Family CERATIIDAE


Common name: Caruncled Seadevils, Seadevils

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Summary:

The largest known deep-water anglerfishes. Females have relatively long, compressed bodies and small vertical mouths. They have a long "fishing rod" and bioluminescent lure on the snout and two or three soft fleshy wart-like bioluminescent appendages (caruncles) on the back.

The tiny males are permanent sexual parasites on the much larger females.


Cite this page as:
Dianne J. Bray, Seadevils, CERATIIDAE in Fishes of Australia, accessed 24 Aug 2019, http://fishesofaustralia.net.au/Home/family/180

More Info


Family Taxonomy

Small family of 2 genera and 4 species, all found in Australian waters.

Family Distribution

Ceratiids have a worldwide, circumglobal or cosmopolitan distributions. Ceratiids are broadly distributed at meso- to bathypelagic depthsat 120-2000 m in all three major oceans. Cryptopsaras couesii is found worldwide in tropical and subtropical latitudes. Members of the genus Ceratias are found from subarctic to subantarctic latitudes.

Family Description

Females have relatively long, slender compressed bodies with large heads, relatively small almost vertical mouths and small eyes buried in skin. The jaw teeth are slender, depressible and recurved, those in lower jaw slightly larger than upper jaw teeth. The oval gill opening is behind the pectoral-fin base.

The illicium ("fishing rod") is either elongate or almost hidden by the tissue of the esca. The esca or bioluminescent lure is an oval bulb, with or without distal appendages. The posterior end of the illicial pterygiophore protrudes on the dorsal midline just before the fleshy bioluminescent caruncles on the back. 2 or 3 modified dorsal-fin rays or caruncles on back before soft dorsal fin, each with a bioluminescent gland. The skin is covered in spinules or spines.

Males are much smaller than and parasitic on females. Fee-living males have large eyes and minute olfactory organs. They lack jaw teeth and have a pair of large denticular teeth on the snout, and two pairs of denticular teeth on the tip of the lower jaw. The skin is naked, becoming spinulose with growth.

Family Size

Females reach 120 cmTL, 77 cm SL; males to 14 cm SL.

Family Feeding

Reported to feed on fishes and crustaceans.

Family Reproduction

The sexes are separate and the tiny males are permanently parasitic on the much larger females.

Larvae have a "humpbacked" body, wiht moderately inflated skin, small pectoral fins and no pelvic fins. Larvae are sexually dimorphic. Females have caruncles and an illicial rudiment. Larvae begin metamorphosis at 8-10 mm SL.

Family Remarks

Females of this family are the largest known deepwater (ceratioid) anglerfishes known, and may be up to 60 times larger than the tiny males of the same species.

Author

Dianne J. Bray

References


Bertelsen, E. 1943. Notes on the deep-sea angler-fish Ceratias holbölli Kr. based on specimens in the Zoological Museum of Copenhagen. Vidensk. Medd. fra Dansk Naturh. Foren. 107: 185-206.

Bertelsen, E. 1951. The ceratioid fishes. Ontogeny, taxonomy, distribution and biology. Dana Rept. 39: 276 pp.

Bertelsen, E. 1984. Ceratioidei: Development and relationships. pp. 325-334, In Moser, H.G., W.J. Richards, D.M. Cohen, M.P. Fahay, A.W. Kendall, Jr. & S.L. Richardson (eds.), Ontogeny and Systematics of Fishes, Spec. Publ. No. 1, Amer. Soc. Ichthy. Herpet. ix + 760 pp.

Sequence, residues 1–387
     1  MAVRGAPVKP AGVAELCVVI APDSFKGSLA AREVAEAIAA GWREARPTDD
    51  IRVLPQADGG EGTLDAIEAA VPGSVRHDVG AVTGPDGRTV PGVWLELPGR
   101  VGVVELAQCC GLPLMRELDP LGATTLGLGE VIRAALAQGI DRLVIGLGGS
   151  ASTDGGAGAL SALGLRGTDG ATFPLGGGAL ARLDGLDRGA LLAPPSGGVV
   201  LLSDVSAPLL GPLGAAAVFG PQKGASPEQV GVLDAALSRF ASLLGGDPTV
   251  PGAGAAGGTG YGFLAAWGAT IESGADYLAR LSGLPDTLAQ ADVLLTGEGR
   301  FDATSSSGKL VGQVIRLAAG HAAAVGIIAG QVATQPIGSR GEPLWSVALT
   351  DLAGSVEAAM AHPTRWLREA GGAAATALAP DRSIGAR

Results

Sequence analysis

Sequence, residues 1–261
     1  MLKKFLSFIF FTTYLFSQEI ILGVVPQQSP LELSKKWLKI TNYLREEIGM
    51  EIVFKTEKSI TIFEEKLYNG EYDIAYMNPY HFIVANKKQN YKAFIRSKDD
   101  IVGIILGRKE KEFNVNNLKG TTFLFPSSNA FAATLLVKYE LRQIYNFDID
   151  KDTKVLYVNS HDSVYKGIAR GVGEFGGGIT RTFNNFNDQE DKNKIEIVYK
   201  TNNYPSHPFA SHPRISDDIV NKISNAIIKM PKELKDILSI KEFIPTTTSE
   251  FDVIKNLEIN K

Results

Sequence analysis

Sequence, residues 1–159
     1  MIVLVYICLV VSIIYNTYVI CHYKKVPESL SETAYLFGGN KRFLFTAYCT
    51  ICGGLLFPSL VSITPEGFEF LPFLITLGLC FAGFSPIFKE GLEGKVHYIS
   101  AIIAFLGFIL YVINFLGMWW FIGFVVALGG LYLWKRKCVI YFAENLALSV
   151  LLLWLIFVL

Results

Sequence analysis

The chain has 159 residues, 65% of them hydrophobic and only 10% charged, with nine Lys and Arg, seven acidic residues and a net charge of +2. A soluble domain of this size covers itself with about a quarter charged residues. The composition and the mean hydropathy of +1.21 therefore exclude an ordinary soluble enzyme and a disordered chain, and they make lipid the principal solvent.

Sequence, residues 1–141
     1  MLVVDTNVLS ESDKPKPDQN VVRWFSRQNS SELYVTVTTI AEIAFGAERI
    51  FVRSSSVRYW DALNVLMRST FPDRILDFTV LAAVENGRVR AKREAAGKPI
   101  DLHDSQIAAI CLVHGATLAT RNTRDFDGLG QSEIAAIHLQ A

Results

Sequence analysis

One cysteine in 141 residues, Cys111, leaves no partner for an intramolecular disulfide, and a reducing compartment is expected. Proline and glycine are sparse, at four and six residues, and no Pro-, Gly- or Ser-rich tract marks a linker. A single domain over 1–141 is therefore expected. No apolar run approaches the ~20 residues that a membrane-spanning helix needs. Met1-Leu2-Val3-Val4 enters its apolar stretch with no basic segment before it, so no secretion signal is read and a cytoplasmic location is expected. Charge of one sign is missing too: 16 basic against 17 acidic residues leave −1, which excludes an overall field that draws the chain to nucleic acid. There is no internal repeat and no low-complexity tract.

Clarke, R. 1950. The bathypelagic angler fish Ceratias holbölli Kröyer. Disc. Rept. 26: 1-32.

Munk, O. & P.J. Herring. 1996. An early stage in development of escae and caruncles in the deep-sea anglerfish Cryptopsaras couesi (Pisces: Ceratioidei). J. Mar. Biol. Assn. U.K. 76: 517-527.

Pietsch, T.W. 1975. Precocious sexual parasitism in the deep-sea ceratioid anglerfish Cryptopsaras couesi Gill. Nature 256: 38-40.

Pietsch, T.W. 1976. Dimorphism, parasitism and sex: reproductive strategies among deepsea ceratioid anglerfishes. Copeia 1976(4): 781-793.

Pietsch, T.W. 1986. Systematics and distribution of bathypelagic anglerfishes of the family Ceratiidae (Order: Lophiiformes). Copeia 1986(2): 479-493.

Pietsch, T.W. 1999. Ceratiidae: Seadevils (deepsea anglerfishes), p. 2035, In Carpenter, K.E. & V.H. Niem. Species identification guide for fisheries purposes. The living marine resources of the western central Pacific. Batoid fishes, chimeras and bony fishes. Part 1 (Elopidae to Linophrynidae). FAO, Rome.

Pietsch, T.W. 2005. Dimorphism, parasitism, and sex revisited: modes of reproduction among deep-sea ceratioid anglerfishes (Teleostei: Lophiiformes). Ichthyol. Res. 52: 207-236.

Pietsch, T.W. 2009. Oceanic Anglerfishes: Extraordinary Diversity in the Deep Sea. University of California Press, 576 pp.

Pietsch, T.W. & Kenaley, C.P. 2006. Ceratiidae. Seadevils, caruncled seadevils. Version 17 April 2006 (under construction). http://tolweb.org/Ceratiidae/22010.04.17 in The Tree of Life Web Project, http://tolweb.org/

Saruwatari, T., T.W. Pietsch, A.M. Shedlock, I. Oohara, K. Itaya, T. Chiyotani, M. Abe, K. Ishihara, A. Sakai, A. Sugawara, T. Inagaki, K. Ishida, T. Komatsu, T. Sakai & T. Kobayashi. 2001. Sibling analysis between female and parasitic males of a ceratioid anglerfish (Cryptopsaras couesi, Ceratiidae, Teleostei). DNA Polymorphism 9: 82-85. [In Japanese.]